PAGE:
Troy Trojans team ownership history

By Charlie Bevis

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The 1881 and 1882 Troy Trojans had three Hall of Famers: catcher Buck Ewing (rear, right) and pitchers Tim Keefe (next to Ewing) and Mickey Welch (rear, left). (NATIONAL BASEBALL HALL OF FAME LIBRARY)

 

As one of the early small-market franchises in the National League, the Troy, New York, ballclub had a short tenure in the league, but it has retained a solid place in National League history for how the club entered the league in 1879 and how it was forced to exit in 1882.

The Troy Base Ball Association was a stock company organized in January 1879, which raised $6,400 in stock subscriptions from the local business community.1 Seven men were named to the club’s board of directors: Gardner Earl, James McQuide, Charles Dauchy, Charles DeFreest, Francis Mann Jr., LeGrand Cramer, and Fred Draper.2 Earl was named president, Dauchy was treasurer, and DeFreest was secretary.3 Earl was co-owner of Earl & Wilson, one of several shirt-collar manufacturers in Troy, which was known as the collar city.4 DeFreest was the editor of the Troy Daily Times, which ensured good publicity, while Dauchy owned a company that wholesaled paints and oils.5

Troy was admitted to the National League for the 1879 season as an expansion team, when the league enlarged from six to eight teams. League President William Hulbert lobbied to add Troy to the league, because Troy advanced “Hulbert’s strategy of preempting the formation of competing leagues by absorbing their potentially strongest members.”6 As an independent minor-league club in 1878, the Troy club had shown that it could be a threat, especially after it was admitted to the International Association for the 1879 season.7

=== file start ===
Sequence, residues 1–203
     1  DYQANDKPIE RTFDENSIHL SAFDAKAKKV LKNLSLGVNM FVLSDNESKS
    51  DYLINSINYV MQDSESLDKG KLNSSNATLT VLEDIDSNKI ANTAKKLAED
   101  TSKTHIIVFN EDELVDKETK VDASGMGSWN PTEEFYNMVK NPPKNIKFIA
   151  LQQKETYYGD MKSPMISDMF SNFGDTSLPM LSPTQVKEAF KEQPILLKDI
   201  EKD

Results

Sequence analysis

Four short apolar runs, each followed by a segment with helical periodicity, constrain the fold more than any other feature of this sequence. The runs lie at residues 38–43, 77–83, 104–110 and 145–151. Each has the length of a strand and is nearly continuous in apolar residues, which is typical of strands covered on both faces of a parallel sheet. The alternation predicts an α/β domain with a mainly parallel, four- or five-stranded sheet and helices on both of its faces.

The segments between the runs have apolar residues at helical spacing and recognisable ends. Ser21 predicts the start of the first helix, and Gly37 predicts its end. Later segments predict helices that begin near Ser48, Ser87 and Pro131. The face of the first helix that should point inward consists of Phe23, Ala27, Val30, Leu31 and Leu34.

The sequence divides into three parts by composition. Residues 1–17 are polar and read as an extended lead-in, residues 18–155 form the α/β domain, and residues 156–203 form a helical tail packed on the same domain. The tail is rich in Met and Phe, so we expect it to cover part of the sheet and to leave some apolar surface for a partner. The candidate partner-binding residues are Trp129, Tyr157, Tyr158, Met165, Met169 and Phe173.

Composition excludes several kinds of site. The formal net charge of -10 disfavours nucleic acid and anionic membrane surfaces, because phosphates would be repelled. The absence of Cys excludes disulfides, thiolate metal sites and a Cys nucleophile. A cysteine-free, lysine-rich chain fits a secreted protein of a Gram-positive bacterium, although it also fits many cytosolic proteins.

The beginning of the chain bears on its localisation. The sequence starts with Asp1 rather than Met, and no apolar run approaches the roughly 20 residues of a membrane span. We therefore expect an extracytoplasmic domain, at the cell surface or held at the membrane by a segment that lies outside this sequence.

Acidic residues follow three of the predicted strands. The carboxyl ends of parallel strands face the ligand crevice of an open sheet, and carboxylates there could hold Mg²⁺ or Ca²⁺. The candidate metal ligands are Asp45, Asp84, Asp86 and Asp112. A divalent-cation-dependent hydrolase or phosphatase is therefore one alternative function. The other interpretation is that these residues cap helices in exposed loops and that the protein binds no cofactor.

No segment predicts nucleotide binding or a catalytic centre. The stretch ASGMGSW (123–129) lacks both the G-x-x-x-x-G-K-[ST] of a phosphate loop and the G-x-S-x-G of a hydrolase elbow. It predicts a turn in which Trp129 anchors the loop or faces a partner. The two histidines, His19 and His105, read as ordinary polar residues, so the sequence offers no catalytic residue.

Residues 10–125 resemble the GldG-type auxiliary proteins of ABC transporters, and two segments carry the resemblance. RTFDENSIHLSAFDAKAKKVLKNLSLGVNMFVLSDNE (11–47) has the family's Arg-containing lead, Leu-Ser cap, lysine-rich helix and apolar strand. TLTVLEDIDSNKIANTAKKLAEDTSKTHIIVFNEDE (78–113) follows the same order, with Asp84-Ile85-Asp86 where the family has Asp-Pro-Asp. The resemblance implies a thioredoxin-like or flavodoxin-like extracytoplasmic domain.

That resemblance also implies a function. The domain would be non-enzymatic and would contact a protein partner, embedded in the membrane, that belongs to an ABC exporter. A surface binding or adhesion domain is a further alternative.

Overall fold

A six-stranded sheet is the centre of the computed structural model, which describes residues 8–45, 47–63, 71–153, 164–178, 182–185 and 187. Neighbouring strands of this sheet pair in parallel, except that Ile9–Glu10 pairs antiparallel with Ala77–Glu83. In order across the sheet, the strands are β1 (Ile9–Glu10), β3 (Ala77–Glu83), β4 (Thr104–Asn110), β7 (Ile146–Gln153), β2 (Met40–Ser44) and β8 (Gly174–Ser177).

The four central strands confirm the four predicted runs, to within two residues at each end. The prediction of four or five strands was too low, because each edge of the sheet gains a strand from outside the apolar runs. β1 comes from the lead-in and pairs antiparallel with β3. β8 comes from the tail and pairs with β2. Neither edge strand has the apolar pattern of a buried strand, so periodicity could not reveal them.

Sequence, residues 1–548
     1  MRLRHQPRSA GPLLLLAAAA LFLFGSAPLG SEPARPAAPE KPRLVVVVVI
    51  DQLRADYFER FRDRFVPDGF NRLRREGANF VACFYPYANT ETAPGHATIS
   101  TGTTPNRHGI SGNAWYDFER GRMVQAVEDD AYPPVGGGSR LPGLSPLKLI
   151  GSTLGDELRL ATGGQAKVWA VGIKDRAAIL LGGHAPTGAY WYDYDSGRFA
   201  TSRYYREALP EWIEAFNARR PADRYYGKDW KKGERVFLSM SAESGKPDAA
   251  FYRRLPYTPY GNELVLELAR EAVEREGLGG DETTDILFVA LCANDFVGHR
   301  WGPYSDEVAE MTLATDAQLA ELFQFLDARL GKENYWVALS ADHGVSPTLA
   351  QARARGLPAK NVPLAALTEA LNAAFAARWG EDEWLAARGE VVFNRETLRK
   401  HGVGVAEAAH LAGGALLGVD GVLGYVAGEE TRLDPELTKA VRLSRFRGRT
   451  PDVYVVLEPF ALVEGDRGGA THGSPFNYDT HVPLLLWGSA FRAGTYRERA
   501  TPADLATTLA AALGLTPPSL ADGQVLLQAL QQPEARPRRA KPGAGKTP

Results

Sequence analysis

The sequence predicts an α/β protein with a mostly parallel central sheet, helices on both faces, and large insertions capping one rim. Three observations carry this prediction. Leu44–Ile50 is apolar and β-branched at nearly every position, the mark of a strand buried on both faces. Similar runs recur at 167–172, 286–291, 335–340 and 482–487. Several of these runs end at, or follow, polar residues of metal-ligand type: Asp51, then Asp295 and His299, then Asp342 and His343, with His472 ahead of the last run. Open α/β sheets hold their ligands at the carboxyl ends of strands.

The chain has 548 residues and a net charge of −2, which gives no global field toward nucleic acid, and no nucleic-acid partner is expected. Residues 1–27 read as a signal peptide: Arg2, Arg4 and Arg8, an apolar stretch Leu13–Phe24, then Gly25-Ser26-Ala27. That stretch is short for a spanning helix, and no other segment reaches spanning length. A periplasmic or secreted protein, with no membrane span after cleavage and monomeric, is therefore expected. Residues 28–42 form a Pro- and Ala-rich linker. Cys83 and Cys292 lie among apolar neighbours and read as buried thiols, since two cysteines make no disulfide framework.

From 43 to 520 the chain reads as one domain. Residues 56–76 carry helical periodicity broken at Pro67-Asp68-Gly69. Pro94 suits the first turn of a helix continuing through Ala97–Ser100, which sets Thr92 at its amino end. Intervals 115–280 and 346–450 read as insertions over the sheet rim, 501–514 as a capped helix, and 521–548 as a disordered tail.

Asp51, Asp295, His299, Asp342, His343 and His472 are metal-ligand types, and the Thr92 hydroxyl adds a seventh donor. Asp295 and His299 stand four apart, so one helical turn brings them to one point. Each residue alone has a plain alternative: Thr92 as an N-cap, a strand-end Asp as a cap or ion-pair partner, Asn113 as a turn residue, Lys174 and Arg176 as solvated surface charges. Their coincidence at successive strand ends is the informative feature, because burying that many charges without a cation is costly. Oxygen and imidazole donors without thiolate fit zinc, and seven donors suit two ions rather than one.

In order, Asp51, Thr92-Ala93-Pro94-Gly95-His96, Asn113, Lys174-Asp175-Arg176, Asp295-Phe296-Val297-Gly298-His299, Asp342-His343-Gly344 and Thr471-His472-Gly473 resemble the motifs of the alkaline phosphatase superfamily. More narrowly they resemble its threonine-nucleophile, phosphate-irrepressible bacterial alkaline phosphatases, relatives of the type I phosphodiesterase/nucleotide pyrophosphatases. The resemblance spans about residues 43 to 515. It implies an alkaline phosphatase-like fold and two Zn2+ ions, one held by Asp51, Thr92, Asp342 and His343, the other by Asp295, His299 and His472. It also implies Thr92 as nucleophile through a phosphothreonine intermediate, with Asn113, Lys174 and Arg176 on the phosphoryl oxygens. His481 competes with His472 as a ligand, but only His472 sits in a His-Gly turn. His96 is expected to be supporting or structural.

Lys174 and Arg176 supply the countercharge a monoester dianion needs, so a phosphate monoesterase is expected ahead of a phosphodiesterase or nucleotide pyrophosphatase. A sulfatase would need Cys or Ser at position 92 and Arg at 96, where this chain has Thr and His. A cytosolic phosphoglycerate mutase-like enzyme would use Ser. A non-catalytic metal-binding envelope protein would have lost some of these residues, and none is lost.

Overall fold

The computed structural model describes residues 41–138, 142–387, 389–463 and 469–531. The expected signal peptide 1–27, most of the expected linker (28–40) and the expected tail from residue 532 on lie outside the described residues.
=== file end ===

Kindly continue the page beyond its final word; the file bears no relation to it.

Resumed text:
However, Troy was far short of the league’s constitutional requirement for a city’s population to be at least 75,000 people. Troy was then the country’s 29th largest city, with a recorded population of 56,747 people in the 1880 federal census. Hulbert had to twist the arms of the other club owners in the league to exempt Troy from this provision.

After finishing in last place in the league standings for 1879, the Troy club posted a $1,800 loss because stock subscriptions only partially offset the nearly $8,000 difference between gate receipts and expenses.8 Earl, Dauchy, and DeFreest continued as club officers for the 1880 season, while six of the seven directors returned, with the sole management change being Albert L. Hotchkin replacing Cramer.9 Hotchkin owned a furniture store and also served as the county sheriff.10